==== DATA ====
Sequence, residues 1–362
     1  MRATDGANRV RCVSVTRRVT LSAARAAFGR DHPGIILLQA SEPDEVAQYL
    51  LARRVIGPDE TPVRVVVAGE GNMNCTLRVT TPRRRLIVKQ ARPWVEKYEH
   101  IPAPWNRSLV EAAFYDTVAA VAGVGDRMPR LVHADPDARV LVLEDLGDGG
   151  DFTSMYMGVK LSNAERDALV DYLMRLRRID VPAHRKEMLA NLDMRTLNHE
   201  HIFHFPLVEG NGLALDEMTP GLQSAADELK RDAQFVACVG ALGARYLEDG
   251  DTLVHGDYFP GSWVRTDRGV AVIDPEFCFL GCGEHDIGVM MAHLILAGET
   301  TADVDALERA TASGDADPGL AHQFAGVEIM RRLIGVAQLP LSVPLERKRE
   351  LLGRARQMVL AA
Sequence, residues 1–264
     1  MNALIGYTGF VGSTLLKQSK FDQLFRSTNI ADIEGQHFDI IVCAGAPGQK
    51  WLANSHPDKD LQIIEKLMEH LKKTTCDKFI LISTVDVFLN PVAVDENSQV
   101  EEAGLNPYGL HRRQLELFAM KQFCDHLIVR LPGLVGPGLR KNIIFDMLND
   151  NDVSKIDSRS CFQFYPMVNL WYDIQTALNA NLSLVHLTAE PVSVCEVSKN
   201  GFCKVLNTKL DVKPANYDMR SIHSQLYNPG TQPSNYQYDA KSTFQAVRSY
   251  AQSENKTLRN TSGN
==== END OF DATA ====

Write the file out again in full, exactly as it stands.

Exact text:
Sequence, residues 1–362
     1  MRATDGANRV RCVSVTRRVT LSAARAAFGR DHPGIILLQA SEPDEVAQYL
    51  LARRVIGPDE TPVRVVVAGE GNMNCTLRVT TPRRRLIVKQ ARPWVEKYEH
   101  IPAPWNRSLV EAAFYDTVAA VAGVGDRMPR LVHADPDARV LVLEDLGDGG
   151  DFTSMYMGVK LSNAERDALV DYLMRLRRID VPAHRKEMLA NLDMRTLNHE
   201  HIFHFPLVEG NGLALDEMTP GLQSAADELK RDAQFVACVG ALGARYLEDG
   251  DTLVHGDYFP GSWVRTDRGV AVIDPEFCFL GCGEHDIGVM MAHLILAGET
   301  TADVDALERA TASGDADPGL AHQFAGVEIM RRLIGVAQLP LSVPLERKRE
   351  LLGRARQMVL AA
Sequence, residues 1–264
     1  MNALIGYTGF VGSTLLKQSK FDQLFRSTNI ADIEGQHFDI IVCAGAPGQK
    51  WLANSHPDKD LQIIEKLMEH LKKTTCDKFI LISTVDVFLN PVAVDENSQV
   101  EEAGLNPYGL HRRQLELFAM KQFCDHLIVR LPGLVGPGLR KNIIFDMLND
   151  NDVSKIDSRS CFQFYPMVNL WYDIQTALNA NLSLVHLTAE PVSVCEVSKN
   201  GFCKVLNTKL DVKPANYDMR SIHSQLYNPG TQPSNYQYDA KSTFQAVRSY
   251  AQSENKTLRN TSGN